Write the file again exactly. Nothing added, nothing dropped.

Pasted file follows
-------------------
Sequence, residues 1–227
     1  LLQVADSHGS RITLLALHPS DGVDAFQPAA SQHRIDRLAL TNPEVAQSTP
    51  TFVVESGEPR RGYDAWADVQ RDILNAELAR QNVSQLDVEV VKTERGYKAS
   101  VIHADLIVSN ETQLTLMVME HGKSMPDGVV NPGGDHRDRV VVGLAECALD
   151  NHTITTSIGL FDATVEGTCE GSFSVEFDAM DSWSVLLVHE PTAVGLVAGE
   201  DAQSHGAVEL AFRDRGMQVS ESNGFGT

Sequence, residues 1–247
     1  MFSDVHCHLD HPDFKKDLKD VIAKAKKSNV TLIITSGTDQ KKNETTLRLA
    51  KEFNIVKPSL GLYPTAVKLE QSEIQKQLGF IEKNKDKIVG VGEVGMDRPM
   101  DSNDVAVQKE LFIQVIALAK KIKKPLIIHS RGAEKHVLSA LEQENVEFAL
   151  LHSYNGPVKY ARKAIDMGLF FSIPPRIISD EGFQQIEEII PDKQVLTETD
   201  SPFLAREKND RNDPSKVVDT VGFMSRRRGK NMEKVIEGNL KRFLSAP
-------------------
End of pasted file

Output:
Sequence, residues 1–227
     1  LLQVADSHGS RITLLALHPS DGVDAFQPAA SQHRIDRLAL TNPEVAQSTP
    51  TFVVESGEPR RGYDAWADVQ RDILNAELAR QNVSQLDVEV VKTERGYKAS
   101  VIHADLIVSN ETQLTLMVME HGKSMPDGVV NPGGDHRDRV VVGLAECALD
   151  NHTITTSIGL FDATVEGTCE GSFSVEFDAM DSWSVLLVHE PTAVGLVAGE
   201  DAQSHGAVEL AFRDRGMQVS ESNGFGT

Sequence, residues 1–247
     1  MFSDVHCHLD HPDFKKDLKD VIAKAKKSNV TLIITSGTDQ KKNETTLRLA
    51  KEFNIVKPSL GLYPTAVKLE QSEIQKQLGF IEKNKDKIVG VGEVGMDRPM
   101  DSNDVAVQKE LFIQVIALAK KIKKPLIIHS RGAEKHVLSA LEQENVEFAL
   151  LHSYNGPVKY ARKAIDMGLF FSIPPRIISD EGFQQIEEII PDKQVLTETD
   201  SPFLAREKND RNDPSKVVDT VGFMSRRRGK NMEKVIEGNL KRFLSAP